Precision medicine can not only impact an individual, it can address health prevention in an entire community. In 2008, an OB/GYN began mapping children born into poverty in Gainesville, Florida. She was put in contact with a sheriff who was also interested in mapping, but her focus was the community’s incidence of crime. When the two women met, they discovered the maps matched exactly to a one square-mile area and further investigation showed the area also had the highest rate of domestic violence, child abuse and neglect. But why? A ride around the area revealed a lot about the environment and lifestyles of community members. There was poorly maintained housing and a complete lack of access to services like child care, healthy food and medical care – with the closest clinic a 2-hour bus ride away. Find out more about what happened to this community.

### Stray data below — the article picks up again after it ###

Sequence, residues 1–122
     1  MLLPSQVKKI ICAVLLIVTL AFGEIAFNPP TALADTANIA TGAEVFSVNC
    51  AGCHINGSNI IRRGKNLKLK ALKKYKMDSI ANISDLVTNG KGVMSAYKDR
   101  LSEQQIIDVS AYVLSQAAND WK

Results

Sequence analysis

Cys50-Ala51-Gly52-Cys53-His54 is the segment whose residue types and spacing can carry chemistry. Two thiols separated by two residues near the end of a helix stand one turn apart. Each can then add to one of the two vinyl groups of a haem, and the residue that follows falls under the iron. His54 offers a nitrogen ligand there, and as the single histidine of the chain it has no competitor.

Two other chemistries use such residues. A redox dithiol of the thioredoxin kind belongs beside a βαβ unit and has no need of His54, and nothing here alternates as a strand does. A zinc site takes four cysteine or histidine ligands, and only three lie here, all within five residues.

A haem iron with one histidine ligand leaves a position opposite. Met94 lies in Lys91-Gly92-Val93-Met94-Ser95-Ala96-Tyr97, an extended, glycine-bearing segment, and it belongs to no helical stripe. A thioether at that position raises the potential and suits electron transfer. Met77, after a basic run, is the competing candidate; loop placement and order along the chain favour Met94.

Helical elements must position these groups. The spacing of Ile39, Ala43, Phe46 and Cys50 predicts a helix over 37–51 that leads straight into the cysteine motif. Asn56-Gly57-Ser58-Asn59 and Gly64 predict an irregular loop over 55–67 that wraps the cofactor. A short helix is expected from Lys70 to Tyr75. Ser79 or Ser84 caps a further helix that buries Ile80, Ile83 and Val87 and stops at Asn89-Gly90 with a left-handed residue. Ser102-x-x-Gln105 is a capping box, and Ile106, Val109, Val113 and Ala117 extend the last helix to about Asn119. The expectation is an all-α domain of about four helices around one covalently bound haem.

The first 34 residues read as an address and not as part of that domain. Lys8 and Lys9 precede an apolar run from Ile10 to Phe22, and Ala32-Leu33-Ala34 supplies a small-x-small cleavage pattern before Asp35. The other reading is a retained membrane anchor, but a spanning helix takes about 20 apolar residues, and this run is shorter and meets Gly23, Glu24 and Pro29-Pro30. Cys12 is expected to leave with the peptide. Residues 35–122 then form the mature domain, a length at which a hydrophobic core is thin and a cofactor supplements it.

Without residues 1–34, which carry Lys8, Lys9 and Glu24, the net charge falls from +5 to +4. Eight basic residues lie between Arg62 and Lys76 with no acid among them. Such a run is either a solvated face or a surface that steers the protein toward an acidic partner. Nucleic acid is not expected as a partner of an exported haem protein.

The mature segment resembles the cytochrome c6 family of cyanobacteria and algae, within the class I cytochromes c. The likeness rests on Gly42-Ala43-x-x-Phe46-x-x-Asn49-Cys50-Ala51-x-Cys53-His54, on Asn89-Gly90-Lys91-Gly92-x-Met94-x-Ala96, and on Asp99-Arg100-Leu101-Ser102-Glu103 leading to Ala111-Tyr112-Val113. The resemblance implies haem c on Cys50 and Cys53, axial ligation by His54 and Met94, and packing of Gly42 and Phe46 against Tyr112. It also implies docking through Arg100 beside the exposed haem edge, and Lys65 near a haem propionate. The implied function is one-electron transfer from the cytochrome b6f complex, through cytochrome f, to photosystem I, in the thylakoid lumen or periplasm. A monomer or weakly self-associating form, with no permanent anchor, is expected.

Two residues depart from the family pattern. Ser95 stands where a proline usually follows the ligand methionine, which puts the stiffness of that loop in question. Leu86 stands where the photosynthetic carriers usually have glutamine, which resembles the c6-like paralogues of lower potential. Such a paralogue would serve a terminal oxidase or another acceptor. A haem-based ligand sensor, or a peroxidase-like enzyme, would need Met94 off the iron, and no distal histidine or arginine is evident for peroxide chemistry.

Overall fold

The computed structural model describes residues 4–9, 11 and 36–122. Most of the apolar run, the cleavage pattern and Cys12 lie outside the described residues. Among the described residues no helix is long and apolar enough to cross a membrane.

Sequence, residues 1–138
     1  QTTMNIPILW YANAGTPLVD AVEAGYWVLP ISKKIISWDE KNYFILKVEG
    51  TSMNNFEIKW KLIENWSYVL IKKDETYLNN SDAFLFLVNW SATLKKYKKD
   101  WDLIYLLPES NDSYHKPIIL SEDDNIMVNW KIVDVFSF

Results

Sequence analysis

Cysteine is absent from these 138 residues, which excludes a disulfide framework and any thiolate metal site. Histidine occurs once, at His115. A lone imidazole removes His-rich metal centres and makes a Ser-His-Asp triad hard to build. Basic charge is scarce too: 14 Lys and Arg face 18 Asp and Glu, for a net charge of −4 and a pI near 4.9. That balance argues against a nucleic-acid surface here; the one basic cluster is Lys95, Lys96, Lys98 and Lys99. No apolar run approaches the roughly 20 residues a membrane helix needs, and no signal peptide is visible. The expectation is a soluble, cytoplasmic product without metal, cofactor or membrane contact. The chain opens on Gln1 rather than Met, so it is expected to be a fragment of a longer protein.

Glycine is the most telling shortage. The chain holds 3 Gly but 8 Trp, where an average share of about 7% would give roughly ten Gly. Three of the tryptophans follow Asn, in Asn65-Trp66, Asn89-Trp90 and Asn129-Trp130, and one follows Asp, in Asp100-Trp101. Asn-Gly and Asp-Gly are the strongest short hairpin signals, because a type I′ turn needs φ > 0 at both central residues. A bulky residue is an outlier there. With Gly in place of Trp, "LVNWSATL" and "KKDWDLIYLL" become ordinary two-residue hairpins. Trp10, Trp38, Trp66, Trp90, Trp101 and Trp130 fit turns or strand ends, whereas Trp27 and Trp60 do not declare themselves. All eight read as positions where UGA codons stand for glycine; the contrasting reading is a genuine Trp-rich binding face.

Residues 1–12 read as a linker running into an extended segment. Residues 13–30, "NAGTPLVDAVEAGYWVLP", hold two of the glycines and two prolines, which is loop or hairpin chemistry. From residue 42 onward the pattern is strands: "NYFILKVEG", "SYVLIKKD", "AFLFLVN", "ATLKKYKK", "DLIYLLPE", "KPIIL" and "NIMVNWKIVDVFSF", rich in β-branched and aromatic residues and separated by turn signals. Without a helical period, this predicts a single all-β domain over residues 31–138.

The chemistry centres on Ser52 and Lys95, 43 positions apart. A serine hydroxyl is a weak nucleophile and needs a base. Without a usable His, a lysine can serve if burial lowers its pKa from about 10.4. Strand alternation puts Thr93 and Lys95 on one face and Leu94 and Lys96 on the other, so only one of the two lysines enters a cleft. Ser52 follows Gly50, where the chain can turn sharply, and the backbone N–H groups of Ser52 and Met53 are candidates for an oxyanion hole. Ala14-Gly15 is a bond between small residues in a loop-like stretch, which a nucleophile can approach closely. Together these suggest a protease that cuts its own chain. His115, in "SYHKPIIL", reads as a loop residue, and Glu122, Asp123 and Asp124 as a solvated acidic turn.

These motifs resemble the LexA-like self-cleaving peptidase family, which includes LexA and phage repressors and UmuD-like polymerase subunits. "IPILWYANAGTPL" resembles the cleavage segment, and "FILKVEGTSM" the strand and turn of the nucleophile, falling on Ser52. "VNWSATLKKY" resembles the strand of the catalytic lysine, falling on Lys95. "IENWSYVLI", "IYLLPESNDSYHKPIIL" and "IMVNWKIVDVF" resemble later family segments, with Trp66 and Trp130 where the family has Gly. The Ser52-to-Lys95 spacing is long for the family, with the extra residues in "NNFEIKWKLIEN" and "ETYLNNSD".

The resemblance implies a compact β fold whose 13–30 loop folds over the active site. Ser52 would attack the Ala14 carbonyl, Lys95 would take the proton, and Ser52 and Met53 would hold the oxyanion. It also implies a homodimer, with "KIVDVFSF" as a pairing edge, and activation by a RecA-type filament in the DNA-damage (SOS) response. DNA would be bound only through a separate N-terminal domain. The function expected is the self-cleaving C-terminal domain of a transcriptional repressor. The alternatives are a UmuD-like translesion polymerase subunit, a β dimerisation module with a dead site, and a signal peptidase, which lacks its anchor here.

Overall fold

Resources for Genetic and Environmental Health


Community College and University

  • Environmental Health and Toxicology – portal links health professionals and consumers to many resources to understand the connection between the environment and human health and development.
  • GeneEd Web site – (Grades 9 -12+) Links to vetted genetic Web sites based on high school science curriculum. Includes lesson plans and current events.
  • Genetics Home Reference – Consumer-friendly information about genetic variation and human health.

Consumer and Patient Education

  • Environmental Health and Toxicology – portal links health professionals and consumers to many resources to understand the connection between the environment and human health and development.
  • Genetic Alliance – Nonprofit health advocacy organization committed to transforming health through genetics and promoting an environment of openness.
  • Genetics Home Reference – Consumer-friendly information about genetic variation and human health.
  • NHGRI Talking Glossary – Genetic terms, images and animation. (English/Spanish).
  • Office of Rare Diseases Research – Rare diseases information for patients, families, healthcare providers, researchers, educators and students.

Genetics Professionals


Public Health

  • Environmental Health and Toxicology – portal links health professionals and consumers to many resources to understand the connection between the environment and human health and development.